There is a great post by Charles Birnbaum on the Huffington Post on the lack of coverage and critical review of landscape architecture in the main stream media (gosh, I hate that term).
"Currently, architecture criticism can secure precious real estate on the Times' front page, while landscape architecture is frequently shunted to the Times Home section. A decade or so ago, that wasn't so bad, but their editorial priorities have changed. Now landscape architecture is being crowded out by articles about reorganizing closets, new mops, heirloom gourds, the cult of garlic cloves, when to prune shrubs, or growing mushrooms at home (for the record, I have nothing against garlic, mushrooms or the pruning of shrubs)."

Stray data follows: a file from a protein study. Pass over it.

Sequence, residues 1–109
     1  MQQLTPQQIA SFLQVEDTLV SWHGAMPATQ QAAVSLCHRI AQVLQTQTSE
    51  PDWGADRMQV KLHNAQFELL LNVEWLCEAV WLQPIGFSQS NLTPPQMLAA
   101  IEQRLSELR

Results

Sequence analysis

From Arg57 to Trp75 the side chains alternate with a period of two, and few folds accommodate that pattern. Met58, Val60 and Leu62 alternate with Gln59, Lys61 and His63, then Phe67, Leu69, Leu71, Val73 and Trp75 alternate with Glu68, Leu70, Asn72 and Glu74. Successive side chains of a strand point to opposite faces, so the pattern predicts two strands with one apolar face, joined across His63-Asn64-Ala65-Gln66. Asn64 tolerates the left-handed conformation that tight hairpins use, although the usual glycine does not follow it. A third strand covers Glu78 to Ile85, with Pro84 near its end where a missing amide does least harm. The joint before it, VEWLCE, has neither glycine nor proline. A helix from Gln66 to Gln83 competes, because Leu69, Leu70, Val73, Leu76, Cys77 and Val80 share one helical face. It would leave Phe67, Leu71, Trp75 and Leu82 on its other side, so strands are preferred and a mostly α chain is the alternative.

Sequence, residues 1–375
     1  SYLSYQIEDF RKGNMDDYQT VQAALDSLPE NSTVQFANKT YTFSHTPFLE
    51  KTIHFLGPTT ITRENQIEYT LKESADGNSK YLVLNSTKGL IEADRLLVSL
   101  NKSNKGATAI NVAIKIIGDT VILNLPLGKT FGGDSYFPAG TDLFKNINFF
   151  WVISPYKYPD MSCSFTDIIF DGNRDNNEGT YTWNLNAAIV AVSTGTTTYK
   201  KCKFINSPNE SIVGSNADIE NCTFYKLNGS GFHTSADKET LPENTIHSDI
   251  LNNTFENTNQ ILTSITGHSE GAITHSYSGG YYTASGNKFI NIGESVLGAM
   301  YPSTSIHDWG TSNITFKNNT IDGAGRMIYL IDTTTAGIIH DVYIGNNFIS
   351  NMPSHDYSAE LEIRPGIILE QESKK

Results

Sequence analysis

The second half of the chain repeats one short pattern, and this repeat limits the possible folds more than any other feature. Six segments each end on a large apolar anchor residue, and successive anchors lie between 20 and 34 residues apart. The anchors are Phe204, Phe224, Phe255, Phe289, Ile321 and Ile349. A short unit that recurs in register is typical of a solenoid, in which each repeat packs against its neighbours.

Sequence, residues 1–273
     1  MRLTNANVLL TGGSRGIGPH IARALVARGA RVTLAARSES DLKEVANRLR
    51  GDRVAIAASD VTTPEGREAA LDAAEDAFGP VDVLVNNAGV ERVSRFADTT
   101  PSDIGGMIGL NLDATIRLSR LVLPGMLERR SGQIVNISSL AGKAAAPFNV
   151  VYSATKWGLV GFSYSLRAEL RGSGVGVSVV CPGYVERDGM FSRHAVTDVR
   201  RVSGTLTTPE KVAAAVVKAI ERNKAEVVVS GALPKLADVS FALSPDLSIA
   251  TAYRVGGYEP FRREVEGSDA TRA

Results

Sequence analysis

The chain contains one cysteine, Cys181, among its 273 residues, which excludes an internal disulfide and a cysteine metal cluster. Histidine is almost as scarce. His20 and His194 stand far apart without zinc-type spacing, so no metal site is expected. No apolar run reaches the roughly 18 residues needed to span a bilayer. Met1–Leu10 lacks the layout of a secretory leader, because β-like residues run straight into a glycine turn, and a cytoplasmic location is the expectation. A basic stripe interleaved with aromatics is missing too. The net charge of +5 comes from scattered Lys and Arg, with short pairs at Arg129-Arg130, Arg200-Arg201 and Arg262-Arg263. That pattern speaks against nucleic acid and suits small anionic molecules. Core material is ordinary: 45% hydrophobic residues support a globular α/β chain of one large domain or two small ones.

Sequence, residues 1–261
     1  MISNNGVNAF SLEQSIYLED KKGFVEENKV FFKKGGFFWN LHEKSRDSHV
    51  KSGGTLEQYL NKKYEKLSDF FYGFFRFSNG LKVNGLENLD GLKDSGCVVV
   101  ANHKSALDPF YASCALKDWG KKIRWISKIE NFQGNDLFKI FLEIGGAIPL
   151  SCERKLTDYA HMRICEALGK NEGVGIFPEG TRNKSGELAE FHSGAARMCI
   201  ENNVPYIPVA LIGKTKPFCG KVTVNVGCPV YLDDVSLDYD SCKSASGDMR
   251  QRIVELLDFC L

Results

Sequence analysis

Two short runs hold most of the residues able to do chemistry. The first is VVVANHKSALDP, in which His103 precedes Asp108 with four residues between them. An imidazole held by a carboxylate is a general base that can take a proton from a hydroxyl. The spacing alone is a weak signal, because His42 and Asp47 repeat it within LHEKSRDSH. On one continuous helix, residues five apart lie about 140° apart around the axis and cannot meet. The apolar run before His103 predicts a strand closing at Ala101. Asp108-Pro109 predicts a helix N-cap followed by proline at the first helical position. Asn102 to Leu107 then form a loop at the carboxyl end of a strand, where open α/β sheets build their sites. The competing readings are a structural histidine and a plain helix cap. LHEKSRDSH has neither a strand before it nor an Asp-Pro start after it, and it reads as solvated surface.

See the whole article here
Historically, there has been a lack of coverage simply because of a lack of understanding of our little profession, but I think that as we go forward the challenge is going to be even greater. The lack of funds for designing and building quality public spaces will be increasingly acute in the coming years, and won't improve until all levels of government are able to recover from their respective budget crises. We will rely more on private sources of money or public/private partnerships for improvements to the land. The lack of funding for basic maintenance has already started to show, resulting in shabby parks, even those recently constructed.
A crusade for more mainstream coverage of designed landscapes (preferably designed by L.A.'s) will help focus attention on neglected and money-starved parks and public open spaces, which I consider crucial infrastructure equivalent to roads and sewers. The good news for L.A.'s is that increased public acceptance of environmental issues and sustainable design principals will continue to drive the profession forward from a moral, ethical and cost driven standpoint. Think green!